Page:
Recently, a friend responded to my blog post on curriculum integration, asking two important questions- Where do I begin? And, how do I naturally pique curiosity for the purpose of having my students ideate, design, and engage in real-world problem solving? This blog post will attempt to answer these questions by looking at Place-based education as a starting point for meaningful inquiry.
In 2018, I first read about place-based pedagogy while enrolled in a course with Dr. Sheliza Khan. It was while reading David Gruenewald’s research on critical pedagogy of place, when I realized the importance of contextualizing learning based on place, to provoke student thinking and action. According to Gruenewald, “People will tend to reflect on their own “situationality” to the extent that they are challenged by it to act upon it. Human beings are because they are in a situation. And they will be more, the more they not only critically reflect upon their existence but critically act upon it.”
This idea connected beautifully to the September 2014 episode of CBC’s The Current when Dr. Sheliza Khan mentioned, “I try to get my students to think of Science in the community. When we look at the Science that exists in our community, students begin to develop and question. I feel that this is difficult because you have to step out of the classroom and into the community, but the students light up because they begin to make meaningful discoveries.” These meaningful discoveries are ones that students see first-hand for themselves rather than from a scenario presented in a text book. These discoveries are open-ended, prompting question after question, which in turn will serve as a foundation for a meaningful inquiry and curriculum integrated task.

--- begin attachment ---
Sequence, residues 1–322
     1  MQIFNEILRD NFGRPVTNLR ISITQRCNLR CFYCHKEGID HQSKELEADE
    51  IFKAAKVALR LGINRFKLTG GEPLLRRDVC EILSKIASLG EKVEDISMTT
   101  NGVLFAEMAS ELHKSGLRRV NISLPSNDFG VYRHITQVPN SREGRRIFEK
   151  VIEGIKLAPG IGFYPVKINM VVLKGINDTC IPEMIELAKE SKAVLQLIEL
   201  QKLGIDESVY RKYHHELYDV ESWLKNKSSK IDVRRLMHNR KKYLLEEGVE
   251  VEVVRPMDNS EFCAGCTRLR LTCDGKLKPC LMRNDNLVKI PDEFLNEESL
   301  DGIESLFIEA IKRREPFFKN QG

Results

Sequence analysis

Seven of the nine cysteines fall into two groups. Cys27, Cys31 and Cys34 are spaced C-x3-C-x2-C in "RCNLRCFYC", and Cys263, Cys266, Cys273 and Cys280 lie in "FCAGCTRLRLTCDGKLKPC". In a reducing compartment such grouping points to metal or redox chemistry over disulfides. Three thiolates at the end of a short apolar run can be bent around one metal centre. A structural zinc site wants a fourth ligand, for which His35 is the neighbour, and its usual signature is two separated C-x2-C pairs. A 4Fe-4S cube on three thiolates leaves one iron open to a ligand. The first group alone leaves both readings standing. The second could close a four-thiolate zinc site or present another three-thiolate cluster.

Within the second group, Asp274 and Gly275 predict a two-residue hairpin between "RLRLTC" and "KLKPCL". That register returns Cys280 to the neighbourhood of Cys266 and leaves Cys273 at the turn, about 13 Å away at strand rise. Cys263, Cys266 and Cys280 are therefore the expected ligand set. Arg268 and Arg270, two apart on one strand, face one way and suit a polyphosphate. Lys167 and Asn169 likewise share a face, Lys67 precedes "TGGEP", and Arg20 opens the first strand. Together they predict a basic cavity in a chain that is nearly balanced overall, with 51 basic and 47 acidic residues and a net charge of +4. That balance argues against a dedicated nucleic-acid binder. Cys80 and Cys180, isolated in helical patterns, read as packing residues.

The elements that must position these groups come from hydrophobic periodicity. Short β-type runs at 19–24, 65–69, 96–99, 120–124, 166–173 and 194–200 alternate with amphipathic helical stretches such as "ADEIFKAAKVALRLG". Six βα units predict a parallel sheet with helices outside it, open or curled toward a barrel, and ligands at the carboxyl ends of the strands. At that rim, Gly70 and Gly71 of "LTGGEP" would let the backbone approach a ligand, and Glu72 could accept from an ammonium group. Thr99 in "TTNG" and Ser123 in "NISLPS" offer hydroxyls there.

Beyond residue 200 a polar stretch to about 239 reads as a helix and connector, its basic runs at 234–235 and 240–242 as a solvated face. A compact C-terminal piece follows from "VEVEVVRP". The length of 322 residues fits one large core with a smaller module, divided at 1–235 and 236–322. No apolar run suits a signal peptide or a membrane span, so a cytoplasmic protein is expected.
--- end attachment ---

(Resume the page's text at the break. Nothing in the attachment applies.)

In Beyond Ecophobia, David Sobel (1996) advises that ecological place-based education begins when students first develop a connection with the natural before attempting to provide solutions and heal any wounds. According to Sobel, most environmentalists attributed their [political] commitment to many hours spent outdoors in a keenly remembered wild or semi-wild place in childhood or adolescence, and an adult who taught them a respect for nature. The values and motivations of ecologically motivated adults, therefore, stem from these experiences in childhood – ones that often took place in nature or in their communities.
I have extracted salient ideas from David Sobel’s 2004 book, Place-based education: Connecting classrooms and communities for the purpose of visualizing the aims of this approach:
In addition to this, I have included a video (created as part of a curriculum course at OISE) that could serve as a great starting point for students to reflect on their surroundings and identify potential concerns. In my opinion, a video such as this, that encourages students to look at their environments closely, may elicit a variety of rich inquiry questions and from there, inspire students to take action.
From this video, I express many wonderings from a simple walk-through of my day. While there are so many problems yet to be solved, I remain hopeful that my students may be the problem solvers of these issues one day. Now, how cool is that thought?